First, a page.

How does this align with customer, investor, and employee expectations, and how do we compare with competitors? Answers to these questions will quickly reveal performance opportunities and gaps. For example, a big box retailer can measure its energy use per square foot of retail space and calculate the cost savings potential from addressing the gap.

The company can also assess its annual rate of energy reduction. Large retailers with solid energy programs are achieving sustained annual reductions of 2. On hundreds of millions of dollars of energy spend, those reductions represent significant bottom-line savings. Aggressive targets should reflect the degree and pace of emissions reductions that scientists have determined are required to mitigate climate change. A growing number of companies are requiring that their supply chains meet science-based targets as well.

Once targets are set, the team must create incentives for people throughout the organization to make energy an operational priority. The plans, which are tied closely to compensation for plant managers, include not only expected operational metrics such as production volumes but also energy and environmental key performance indicators such as energy used per vehicle produced.

If managers fail to hit energy targets, they need to explain why to global leadership. In addition, the team should advise on how to integrate energy considerations with strategic processes and priorities. Facilities and operations managers should consider energy in their resilience and business continuity planning. And the finance team needs to prioritize energy and carbon reduction in the capital allocation process.

Finally, the energy team can help connect two operations that are usually distinct: procuring energy and managing its use. Typically, managers in one part of the organization focus on buying energy at the lowest possible price and developing a budget and a risk strategy; managers elsewhere are working to reduce consumption and improve efficiency.

Coordinating those activities can save or make money and reduce risk. The managers working the demand side could shift consumption to avoid peak periods and even collect demand-response payments from utilities for curtailing use at peak times. Companies are also experimenting with lowering their peak-use demand by using energy stored earlier. Most companies lack good systems for accessing energy data quickly or in a form that provides actionable information. Monitoring and analyzing energy use can reveal operating issues that affect costs, performance, and quality.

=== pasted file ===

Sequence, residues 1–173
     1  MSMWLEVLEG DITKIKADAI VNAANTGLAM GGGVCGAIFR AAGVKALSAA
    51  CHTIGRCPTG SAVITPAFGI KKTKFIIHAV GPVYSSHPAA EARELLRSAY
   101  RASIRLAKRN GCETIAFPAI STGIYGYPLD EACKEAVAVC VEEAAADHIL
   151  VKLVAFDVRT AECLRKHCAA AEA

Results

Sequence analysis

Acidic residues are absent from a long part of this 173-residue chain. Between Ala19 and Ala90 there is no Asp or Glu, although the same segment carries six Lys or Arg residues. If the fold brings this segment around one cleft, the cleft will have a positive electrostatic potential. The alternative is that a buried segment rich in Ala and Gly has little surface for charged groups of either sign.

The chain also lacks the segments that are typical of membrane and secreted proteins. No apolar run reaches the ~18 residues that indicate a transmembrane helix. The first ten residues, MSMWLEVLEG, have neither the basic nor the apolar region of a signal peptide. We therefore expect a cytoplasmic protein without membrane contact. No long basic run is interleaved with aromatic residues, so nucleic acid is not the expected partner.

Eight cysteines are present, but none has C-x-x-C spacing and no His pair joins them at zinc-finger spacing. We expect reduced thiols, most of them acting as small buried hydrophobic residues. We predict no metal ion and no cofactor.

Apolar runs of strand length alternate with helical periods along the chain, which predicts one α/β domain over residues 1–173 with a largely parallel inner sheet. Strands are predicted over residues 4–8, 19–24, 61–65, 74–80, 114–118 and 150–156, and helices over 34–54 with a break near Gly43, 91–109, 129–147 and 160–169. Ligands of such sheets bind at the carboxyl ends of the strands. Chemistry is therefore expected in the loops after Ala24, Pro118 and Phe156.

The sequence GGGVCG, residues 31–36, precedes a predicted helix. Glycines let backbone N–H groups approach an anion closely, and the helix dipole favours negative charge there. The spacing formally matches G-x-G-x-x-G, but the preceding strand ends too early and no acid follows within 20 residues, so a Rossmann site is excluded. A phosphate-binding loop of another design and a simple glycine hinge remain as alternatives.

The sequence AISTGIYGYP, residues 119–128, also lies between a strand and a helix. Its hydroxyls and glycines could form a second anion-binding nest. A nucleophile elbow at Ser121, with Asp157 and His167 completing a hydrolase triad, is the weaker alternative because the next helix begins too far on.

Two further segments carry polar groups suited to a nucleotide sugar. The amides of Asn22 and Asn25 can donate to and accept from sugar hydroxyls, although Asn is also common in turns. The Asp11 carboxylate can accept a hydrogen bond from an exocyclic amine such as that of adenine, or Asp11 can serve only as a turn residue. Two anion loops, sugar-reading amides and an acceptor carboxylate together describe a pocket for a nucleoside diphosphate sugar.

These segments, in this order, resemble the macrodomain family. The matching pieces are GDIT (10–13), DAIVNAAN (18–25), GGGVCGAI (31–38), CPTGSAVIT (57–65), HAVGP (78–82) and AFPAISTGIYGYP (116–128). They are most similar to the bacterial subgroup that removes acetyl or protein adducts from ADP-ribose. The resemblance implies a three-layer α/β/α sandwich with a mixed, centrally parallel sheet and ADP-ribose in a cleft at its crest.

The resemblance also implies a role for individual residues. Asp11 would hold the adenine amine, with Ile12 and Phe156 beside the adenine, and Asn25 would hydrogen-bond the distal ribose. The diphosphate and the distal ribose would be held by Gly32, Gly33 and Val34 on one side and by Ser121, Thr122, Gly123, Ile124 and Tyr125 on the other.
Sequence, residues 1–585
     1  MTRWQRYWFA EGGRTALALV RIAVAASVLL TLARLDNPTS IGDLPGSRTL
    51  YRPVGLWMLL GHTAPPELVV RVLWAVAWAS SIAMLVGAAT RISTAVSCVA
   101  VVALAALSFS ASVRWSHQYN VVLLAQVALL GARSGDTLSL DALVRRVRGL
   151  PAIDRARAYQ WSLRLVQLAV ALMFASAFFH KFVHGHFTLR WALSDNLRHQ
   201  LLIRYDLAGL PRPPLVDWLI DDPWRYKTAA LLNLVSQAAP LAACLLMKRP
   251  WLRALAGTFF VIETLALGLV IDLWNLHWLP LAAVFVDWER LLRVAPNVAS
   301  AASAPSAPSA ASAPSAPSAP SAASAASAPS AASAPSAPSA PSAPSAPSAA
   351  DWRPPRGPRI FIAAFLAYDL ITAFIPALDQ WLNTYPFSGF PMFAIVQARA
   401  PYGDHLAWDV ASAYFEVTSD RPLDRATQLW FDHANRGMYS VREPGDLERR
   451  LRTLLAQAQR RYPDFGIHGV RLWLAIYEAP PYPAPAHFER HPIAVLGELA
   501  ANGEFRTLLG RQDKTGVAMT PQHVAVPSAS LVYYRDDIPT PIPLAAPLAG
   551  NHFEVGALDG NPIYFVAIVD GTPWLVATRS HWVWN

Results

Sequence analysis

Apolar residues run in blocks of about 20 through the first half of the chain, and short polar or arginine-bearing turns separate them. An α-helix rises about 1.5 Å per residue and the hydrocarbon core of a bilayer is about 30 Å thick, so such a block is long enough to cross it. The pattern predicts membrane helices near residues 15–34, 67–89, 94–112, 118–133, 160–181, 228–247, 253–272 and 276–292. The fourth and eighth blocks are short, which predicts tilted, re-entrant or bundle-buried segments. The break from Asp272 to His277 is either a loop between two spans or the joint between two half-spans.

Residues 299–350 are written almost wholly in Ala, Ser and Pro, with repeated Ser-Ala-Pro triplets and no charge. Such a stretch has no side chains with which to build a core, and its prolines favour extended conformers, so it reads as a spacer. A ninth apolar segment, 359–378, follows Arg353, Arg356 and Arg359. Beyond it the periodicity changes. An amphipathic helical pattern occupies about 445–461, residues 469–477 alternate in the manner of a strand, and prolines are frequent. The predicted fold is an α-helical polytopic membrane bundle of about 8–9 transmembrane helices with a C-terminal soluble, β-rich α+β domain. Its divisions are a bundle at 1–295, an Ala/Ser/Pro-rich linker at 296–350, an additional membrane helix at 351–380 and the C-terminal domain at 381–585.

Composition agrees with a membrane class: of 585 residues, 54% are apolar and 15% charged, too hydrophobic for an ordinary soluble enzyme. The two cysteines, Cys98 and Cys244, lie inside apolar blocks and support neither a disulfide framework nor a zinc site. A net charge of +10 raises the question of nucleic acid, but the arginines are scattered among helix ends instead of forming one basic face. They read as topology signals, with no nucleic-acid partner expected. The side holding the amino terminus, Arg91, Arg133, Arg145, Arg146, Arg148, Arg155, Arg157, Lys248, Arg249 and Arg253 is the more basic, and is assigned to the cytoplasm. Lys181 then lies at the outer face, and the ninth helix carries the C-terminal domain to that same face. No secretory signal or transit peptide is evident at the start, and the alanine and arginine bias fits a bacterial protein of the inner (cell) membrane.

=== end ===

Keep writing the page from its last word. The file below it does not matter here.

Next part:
Blommer Chocolate, a large cocoa-bean processor, uses statistical analysis to predict the energy required for every pound of product roasted. When actual consumption varies from the prediction, managers know something is off. One building products manufacturer monitors energy costs for each product line some 30, SKUs and has used that data to adjust prices and ensure profitability.

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Comparing energy use at similar sites or plants can uncover efficiency opportunities as well. One hospitality and entertainment company uses a quarterly energy scorecard to compare properties.


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The sites that are lagging can learn from the leaders to improve performance. Similarly, a movie theater chain worked with its air-cooling partner, Ingersoll Rand, to gather energy data and then apply predictive analytics to data on past and current use. In this way, it optimized the HVAC operation in each auditorium according to expected show times and ticket sales.

Developing a detailed understanding of enterprise-wide energy use is also essential. This information can help a firm predict how volatility in energy prices and availability will affect its overall operations, profits, and cash flows. Zooming out further, companies must look across their entire value chains for risks and opportunities. The biggest operating risks from price volatility and future regulation may actually lie upstream. Many leading companies require that their tier-one suppliers, at the very least, provide data on their energy use and carbon emissions.